ture. The soil used showed the following characteristics: 45.3% silt, 43.2%
and clay 11.2%, pH (H2O 1 : 2.5) 8.6; electrical conductivity 1.10 dS mÀ1,
CaCO3 11.2%; total N (0.1%); P2O5 (58 mg gÀ1); K2O (115 mg gÀ1);
DTPA þ TEA þ CaCl2 (pH 7.3) extractable Ba (5.1 mg kgÀ1), Sn and Pt
(58 mg kgÀ1) and Rb (12 mg kgÀ1); ClÀ in satured extract (218 mg kgÀ1). The
characteristics of the irrigation water were: pH 7.6; E.C. 1.05 dS mÀ1; ClÀ
58 mg LÀ1; Naþ 25 mg LÀ1; Kþ 4 mg LÀ1; H2CO3 369 mg LÀ1, Ba 29 mg LÀ1;
Cl 35 mg LÀ1, Sn and Pt 1 mg LÀ1, Rb 2 mg LÀ1.
The experimental design was a factorial arrangement in a randomized
complete block with 5 treatments replicated 4 times (20 plots). Each plot
occupied an area of 78.4 m2, with a planting density of 4.2 plants mÀ2.
Plants were spaced 30 cm apart, with 80 cm between rows. The soil tempera-
ture was measured at the 15-cm in depth, using probes (107 type) from
Campbell Scientific TM. Root zone temperature was measured (6 measure-
ments at 4-h intervals) every 3 days of the crop cycle.
The different treatments consisted of covering the soil surface of each
plot with plastic mulches (polyethylene sheets), making a tight seal with the
soil: transparent polyethylene (25 mm in thickness, T1), white polyethylene
(25 mm in thickness, T2), coextruded black and white polyethylene (50 mm in
thickness, T3), and black polyethylene (25 mm in thickness, T4). Finally, no
plastic was applied in the control treatment (T0).
The fertilization used was the same as is habitually applied by farmers in
the zone. In the month of February in all three years, N (NH4NO3) and P and
K (K2HPO4) were applied (27 g mÀ2). Afterwards, at the end of the month of
April, 25 g mÀ2 of NH4NO3 were applied. Fertigation was complemented with
the following micronutrients: Fe: 0.5 mg LÀ1; B: 0.1 mg LÀ1; Mn: 0.1 mg LÀ1;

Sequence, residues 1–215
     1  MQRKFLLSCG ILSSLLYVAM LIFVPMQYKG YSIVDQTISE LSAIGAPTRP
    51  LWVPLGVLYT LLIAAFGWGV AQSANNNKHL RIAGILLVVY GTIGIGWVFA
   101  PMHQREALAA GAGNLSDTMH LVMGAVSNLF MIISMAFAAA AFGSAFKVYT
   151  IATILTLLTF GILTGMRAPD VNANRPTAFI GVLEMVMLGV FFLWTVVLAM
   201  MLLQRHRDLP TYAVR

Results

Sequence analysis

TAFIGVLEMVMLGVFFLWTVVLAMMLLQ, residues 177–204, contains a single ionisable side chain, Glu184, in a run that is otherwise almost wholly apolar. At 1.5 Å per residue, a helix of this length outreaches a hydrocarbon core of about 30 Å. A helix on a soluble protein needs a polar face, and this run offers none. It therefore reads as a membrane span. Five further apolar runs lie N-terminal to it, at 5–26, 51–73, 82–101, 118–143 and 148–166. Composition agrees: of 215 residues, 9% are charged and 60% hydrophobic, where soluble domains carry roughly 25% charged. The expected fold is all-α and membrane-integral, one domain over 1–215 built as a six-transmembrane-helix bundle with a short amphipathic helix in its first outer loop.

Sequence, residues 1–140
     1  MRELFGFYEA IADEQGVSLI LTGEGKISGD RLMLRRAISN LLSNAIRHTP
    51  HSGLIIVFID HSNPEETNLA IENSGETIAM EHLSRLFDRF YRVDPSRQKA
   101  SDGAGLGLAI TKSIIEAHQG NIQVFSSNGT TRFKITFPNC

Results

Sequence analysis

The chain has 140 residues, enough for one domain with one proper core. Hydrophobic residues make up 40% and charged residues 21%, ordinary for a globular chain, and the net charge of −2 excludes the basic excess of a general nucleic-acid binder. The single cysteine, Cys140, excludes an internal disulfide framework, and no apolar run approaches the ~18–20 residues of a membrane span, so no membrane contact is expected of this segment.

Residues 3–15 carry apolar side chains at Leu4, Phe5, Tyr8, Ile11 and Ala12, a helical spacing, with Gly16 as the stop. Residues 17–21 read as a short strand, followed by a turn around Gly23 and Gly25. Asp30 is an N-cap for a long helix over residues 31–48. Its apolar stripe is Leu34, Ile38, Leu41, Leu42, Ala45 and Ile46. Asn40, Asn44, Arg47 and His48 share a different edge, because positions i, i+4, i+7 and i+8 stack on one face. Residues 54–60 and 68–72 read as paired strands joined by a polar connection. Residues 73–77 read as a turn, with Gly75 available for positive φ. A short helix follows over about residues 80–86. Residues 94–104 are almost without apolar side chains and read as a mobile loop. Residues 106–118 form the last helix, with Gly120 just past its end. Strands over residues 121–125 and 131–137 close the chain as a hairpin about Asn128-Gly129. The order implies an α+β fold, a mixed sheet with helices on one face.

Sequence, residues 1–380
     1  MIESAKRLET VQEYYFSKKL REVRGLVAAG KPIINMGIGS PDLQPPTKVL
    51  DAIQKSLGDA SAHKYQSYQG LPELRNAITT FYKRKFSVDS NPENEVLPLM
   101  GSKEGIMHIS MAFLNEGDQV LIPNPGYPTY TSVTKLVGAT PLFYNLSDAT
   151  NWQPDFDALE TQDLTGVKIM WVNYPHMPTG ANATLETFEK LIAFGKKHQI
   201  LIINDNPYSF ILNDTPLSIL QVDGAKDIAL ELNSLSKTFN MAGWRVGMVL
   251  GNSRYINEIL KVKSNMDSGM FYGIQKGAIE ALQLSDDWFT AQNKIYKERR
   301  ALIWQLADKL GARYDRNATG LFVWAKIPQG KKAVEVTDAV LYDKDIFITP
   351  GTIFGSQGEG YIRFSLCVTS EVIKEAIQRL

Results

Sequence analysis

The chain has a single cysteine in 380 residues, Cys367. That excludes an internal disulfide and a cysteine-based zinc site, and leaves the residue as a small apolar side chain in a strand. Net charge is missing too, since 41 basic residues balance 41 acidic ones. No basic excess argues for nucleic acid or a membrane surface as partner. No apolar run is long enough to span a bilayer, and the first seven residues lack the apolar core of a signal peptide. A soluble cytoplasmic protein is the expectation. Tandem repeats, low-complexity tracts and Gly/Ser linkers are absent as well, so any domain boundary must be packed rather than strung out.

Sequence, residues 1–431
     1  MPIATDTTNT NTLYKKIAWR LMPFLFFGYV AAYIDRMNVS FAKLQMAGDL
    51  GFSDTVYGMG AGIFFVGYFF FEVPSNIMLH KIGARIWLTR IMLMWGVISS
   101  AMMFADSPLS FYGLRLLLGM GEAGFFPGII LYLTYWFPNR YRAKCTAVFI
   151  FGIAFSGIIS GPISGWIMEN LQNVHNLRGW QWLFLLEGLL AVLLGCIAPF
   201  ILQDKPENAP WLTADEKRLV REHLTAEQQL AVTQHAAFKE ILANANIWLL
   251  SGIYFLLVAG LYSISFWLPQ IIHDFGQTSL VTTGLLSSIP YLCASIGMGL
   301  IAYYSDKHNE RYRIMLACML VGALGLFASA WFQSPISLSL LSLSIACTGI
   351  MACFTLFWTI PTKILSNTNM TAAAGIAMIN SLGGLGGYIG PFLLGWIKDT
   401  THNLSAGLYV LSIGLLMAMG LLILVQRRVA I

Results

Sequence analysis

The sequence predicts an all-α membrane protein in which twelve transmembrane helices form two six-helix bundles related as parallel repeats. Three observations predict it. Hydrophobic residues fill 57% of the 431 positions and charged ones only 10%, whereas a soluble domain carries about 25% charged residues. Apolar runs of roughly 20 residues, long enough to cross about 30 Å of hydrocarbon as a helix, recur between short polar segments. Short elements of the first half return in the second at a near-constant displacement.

Zn: 0.075 mg LÀ1; Cu: 0.075 mg LÀ1 and Mo: 0.05 mg LÀ1. Iron was applied as
FeEDDHA, B as H3BO3 and the remaining micronutrients as sulphates.
Plant Sampling
The plant material (stems, leaves, roots and tubers) were sampled 6
times every two weeks, throughout the plant development for the three
years of experiments. For each sampling, 10 plants were collected from
each replicate per treatment. Leaf samples were taken only from plants
with fully expanded leaves of the same size. Leaves were picked at about
one third of the plant height from the plant apex. Roots, leaves, stems and
tubers were rinsed three times in distilled water after decontamination with
non-ionic detergent at 1% (11), then blotted on filter paper. Then a sample
was dried in a forced air oven at 70 C for 24 h, ground in a wiley mill and
then placed in plastic bags for the further analyses.
Plant Analysis
For the assay of total Ba, Sn, Pt and Rb concentrations, oven-dried at

70 C for 24 h and pulverized plant material was digested with concentrated
nitric acid and measures were carried out by using an atomic absorption
spectrophotometer equipped with a graphite furnace (12). Reagent blanks
for analysis were also prepared performing the entire extraction procedure
but in the absence of the samples. For the soluble Ba, Sn, Pt and Rb deter-
mination, dry matter (0.15 g) was extracted with 10 mL 1 M HCl for 30 min
and then filtered, and determined using the method indicated above. Reagent
blanks for both analysis were also prepared performing the entire extraction
procedure but in the absence of the samples.
ClÀ was determined in an aqueous extract (13) by titration with AgNO3
according to the procedure of Kolthoff and Kuroda (14).
Statistical Analysis
All data were subjected to an analysis of variance and the mean of
separation according to the Duncan’s Multiple Range Test was represented
with lowercase letters. Levels of significance for the correlation analysis
were represented as follows: ***p

Use: 0.1329